“Frans Hals made things that were extremely difficult look easy,” says Joseph. Compared to Rubens or Michelangelo, “his brushstrokes look almost flippant”, he says. By contrast, Joseph’s Laughing Legend with Stratocaster was a “slow and exploratory process” which took seven years − not least because, unlike Hals, who had life models, Joseph had to work from a photograph, a process he describes as “extremely difficult”.
Many of our greatest artists not only created work inspired by Hals, but learnt from him by attempting to replicate some of his most ambitious works. Édouard Manet, Antoine Vollon, Mary Cassatt, John Singer Sargent, William Merrit Chase and Max Liebermann all made pilgrimages to Haarlem to make painstaking copies of Hals’s paintings.
Joseph is keen to point out, however, that Laughing Legend with Stratocaster is different. “I wasn’t trying to copy Frans Hals. It’s impossible!” he says. “You may be able to copy one of Picasso’s paintings, it may be possible to copy a Caravaggio or almost fool people with a rendition of a Da Vinci − but that’s not going to work with Frans Hals. That technique, I’ve never seen it used anywhere else.”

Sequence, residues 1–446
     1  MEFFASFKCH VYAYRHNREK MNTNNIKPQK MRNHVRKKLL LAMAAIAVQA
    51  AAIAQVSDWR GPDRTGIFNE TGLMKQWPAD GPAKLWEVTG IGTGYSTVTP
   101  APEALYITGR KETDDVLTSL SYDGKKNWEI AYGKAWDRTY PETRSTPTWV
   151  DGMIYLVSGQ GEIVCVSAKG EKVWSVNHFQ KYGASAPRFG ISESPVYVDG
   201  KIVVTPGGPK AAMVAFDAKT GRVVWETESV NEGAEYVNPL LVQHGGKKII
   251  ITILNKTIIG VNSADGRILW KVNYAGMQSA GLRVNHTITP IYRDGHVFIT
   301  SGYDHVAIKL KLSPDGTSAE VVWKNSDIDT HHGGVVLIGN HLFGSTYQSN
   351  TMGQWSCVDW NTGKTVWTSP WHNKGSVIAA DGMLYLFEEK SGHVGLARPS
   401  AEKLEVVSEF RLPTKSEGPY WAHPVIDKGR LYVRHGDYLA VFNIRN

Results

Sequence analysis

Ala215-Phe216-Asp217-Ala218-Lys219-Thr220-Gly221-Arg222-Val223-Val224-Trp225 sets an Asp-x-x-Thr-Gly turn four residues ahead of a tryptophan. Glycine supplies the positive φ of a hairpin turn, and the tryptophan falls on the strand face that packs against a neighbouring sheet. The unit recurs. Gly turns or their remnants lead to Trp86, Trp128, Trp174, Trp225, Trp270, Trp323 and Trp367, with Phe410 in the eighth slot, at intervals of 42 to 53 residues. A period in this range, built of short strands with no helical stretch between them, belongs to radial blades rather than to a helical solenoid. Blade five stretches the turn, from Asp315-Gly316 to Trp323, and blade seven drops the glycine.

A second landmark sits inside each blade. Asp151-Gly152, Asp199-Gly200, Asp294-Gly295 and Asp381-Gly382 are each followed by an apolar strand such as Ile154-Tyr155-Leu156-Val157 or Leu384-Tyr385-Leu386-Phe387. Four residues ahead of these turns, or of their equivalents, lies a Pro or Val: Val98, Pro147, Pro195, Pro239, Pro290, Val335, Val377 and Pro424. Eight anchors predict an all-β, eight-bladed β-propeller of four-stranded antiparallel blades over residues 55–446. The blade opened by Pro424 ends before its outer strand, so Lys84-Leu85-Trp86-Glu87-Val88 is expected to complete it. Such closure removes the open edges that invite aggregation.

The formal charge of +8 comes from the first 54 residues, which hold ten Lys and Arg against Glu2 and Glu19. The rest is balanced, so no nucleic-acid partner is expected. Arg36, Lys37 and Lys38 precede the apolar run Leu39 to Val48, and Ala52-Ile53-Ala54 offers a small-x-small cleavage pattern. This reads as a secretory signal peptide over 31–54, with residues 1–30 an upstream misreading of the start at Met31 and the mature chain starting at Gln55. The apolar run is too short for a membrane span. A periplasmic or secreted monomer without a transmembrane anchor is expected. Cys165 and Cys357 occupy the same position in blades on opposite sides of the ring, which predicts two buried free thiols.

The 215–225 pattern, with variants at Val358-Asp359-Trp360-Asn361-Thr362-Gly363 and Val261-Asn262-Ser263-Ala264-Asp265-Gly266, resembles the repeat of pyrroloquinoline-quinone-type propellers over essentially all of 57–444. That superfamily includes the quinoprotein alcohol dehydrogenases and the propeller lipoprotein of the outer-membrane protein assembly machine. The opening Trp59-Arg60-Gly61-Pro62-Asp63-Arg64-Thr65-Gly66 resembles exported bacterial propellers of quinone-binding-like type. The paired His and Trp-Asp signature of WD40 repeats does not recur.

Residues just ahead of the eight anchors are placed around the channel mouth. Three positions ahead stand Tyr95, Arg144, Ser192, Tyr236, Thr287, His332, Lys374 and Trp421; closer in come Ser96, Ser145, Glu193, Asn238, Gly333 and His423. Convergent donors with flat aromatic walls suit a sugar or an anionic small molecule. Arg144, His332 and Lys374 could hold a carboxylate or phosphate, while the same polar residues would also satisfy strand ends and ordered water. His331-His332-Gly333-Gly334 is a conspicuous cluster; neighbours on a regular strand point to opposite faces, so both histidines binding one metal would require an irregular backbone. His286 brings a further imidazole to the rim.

The Credit Suisse Exhibition: Frans Hals is showing at the National Gallery, London until 21 January 2024.
‘Beam Me Up, Sweet Lord!’, an exhibition of Tam Joseph’s paintings and sculptures from the 1980s onwards, is on display at Felix & Spear, London until 29 October.
Tam Joseph – I Know What I See is published by Four Corners Books.
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